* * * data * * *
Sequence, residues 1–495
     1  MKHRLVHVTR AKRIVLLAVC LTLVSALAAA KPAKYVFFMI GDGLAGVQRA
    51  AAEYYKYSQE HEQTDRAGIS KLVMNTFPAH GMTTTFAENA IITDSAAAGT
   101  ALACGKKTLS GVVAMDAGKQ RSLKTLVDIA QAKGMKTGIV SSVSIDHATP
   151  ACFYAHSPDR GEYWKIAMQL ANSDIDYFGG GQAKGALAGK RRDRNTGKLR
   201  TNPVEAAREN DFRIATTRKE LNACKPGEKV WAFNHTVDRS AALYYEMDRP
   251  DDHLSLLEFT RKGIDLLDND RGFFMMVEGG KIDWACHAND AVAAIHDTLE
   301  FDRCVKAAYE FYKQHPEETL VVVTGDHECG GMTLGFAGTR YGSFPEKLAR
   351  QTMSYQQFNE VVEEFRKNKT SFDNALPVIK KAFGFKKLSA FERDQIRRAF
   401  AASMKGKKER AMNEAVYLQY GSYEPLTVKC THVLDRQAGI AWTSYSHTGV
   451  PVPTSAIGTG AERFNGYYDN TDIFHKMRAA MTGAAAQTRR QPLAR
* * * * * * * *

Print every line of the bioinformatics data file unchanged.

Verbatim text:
Sequence, residues 1–495
     1  MKHRLVHVTR AKRIVLLAVC LTLVSALAAA KPAKYVFFMI GDGLAGVQRA
    51  AAEYYKYSQE HEQTDRAGIS KLVMNTFPAH GMTTTFAENA IITDSAAAGT
   101  ALACGKKTLS GVVAMDAGKQ RSLKTLVDIA QAKGMKTGIV SSVSIDHATP
   151  ACFYAHSPDR GEYWKIAMQL ANSDIDYFGG GQAKGALAGK RRDRNTGKLR
   201  TNPVEAAREN DFRIATTRKE LNACKPGEKV WAFNHTVDRS AALYYEMDRP
   251  DDHLSLLEFT RKGIDLLDND RGFFMMVEGG KIDWACHAND AVAAIHDTLE
   301  FDRCVKAAYE FYKQHPEETL VVVTGDHECG GMTLGFAGTR YGSFPEKLAR
   351  QTMSYQQFNE VVEEFRKNKT SFDNALPVIK KAFGFKKLSA FERDQIRRAF
   401  AASMKGKKER AMNEAVYLQY GSYEPLTVKC THVLDRQAGI AWTSYSHTGV
   451  PVPTSAIGTG AERFNGYYDN TDIFHKMRAA MTGAAAQTRR QPLAR